Two significant earthquakes recently occurred in the north-east part of Katla, one of the largest and the most active volcanoes in Iceland, according to the Icelandic Met Office.
Since mid-June, earthquake activity within the caldera of the ice-covered Katla volcano has increased. This resulted in two earthquakes with a magnitude of 4.5 in the north-east part of the Katla caldera on 29 August. These earthquakes are the largest Katla has experienced since 1977.
Following the large earthquakes, numerous smaller eqrthquakes followed. “The ensuing swarm produced over 100 earthquakes, the largest of which was magnitude 3.3 on the same day, 29 August”, the Met Office reported.
The meteorological bureau also warns about high electrical conductivity levels in the Múlakvísl River, which drains from the eastern side of the Mýrdalsjökul volcano ice cap. There also have been frequent reports of a sulphur smell close to Múlakvísl.
“Gas measurements near the source of Múlakvísl show unhealthy levels of hydrogen sulphide (H2S), signifying high concentrations of geothermal fluids. Travellers are urged to not spend time close to Múlakvísl, especially the upper reaches of the river”, wrote the Met Office on its website.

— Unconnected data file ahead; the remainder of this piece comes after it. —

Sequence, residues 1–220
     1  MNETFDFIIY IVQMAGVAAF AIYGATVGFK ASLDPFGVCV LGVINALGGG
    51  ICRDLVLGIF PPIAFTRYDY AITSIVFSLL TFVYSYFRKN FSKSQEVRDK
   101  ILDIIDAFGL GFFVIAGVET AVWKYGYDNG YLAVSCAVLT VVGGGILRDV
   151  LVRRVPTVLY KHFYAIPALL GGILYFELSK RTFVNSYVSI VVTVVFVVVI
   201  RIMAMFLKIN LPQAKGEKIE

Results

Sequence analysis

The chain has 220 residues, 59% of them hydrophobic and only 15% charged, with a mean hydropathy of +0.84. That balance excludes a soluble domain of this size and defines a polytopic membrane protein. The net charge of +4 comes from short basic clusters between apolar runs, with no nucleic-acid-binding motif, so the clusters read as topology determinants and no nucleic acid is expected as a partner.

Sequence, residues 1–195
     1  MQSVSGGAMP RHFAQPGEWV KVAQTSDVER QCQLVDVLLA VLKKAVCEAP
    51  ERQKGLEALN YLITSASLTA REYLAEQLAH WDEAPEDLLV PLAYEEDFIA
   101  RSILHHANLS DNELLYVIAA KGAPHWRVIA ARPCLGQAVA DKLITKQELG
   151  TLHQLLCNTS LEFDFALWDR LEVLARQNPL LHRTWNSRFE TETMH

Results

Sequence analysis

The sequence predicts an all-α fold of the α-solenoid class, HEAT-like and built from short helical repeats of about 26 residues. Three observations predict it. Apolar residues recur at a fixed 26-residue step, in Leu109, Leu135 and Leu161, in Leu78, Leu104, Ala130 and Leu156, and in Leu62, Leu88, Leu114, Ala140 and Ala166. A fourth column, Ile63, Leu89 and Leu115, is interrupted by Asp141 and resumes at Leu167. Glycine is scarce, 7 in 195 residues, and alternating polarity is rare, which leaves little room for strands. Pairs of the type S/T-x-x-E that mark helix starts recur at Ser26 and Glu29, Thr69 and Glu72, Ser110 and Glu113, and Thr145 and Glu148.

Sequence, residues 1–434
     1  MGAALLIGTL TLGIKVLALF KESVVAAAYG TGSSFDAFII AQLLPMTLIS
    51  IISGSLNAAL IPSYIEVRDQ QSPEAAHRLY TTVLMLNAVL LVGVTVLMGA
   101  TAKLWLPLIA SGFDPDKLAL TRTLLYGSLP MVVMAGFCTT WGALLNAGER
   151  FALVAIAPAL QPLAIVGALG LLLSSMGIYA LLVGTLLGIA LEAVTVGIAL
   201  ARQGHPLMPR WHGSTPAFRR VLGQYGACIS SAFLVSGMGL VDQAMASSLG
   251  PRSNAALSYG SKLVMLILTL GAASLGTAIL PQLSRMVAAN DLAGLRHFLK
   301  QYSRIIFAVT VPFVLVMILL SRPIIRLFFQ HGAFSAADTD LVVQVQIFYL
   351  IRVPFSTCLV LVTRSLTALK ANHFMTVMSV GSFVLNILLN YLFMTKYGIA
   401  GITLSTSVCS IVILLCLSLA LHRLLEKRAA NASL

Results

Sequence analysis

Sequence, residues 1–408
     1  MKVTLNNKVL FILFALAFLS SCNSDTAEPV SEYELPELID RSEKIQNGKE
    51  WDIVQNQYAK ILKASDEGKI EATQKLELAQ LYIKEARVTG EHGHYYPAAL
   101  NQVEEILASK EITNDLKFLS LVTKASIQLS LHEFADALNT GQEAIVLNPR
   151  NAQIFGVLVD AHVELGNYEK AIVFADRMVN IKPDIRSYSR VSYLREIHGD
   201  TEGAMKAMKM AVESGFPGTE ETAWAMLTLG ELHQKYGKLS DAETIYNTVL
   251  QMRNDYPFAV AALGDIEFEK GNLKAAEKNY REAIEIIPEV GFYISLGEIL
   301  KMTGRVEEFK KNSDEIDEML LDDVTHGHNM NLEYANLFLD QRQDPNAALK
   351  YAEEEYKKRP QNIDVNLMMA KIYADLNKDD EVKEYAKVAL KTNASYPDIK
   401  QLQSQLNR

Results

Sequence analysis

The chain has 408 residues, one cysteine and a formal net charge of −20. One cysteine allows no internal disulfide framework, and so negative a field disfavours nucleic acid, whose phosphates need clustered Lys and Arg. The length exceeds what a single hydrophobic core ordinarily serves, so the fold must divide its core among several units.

However, the increase in seismicity doesn´t mean the imminent volcanic eruption, the scientists said.
"Measurements around Katla are not detecting signs of increased ground deformation or seismic tremor, both of which could be indicators of magma movement," according to reports from CNN.
The office carries out twenty-four-hour monitoring “to issue a timely warning in the event of a volcanic eruption”.
Katla is 1,450 metres (4,757 feet) tall and one of Iceland's most active volcanoes. It erupted 16 times since the year 930 as documented, and the interval since the last eruption in 1918 is unusually long in relation to recent centuries.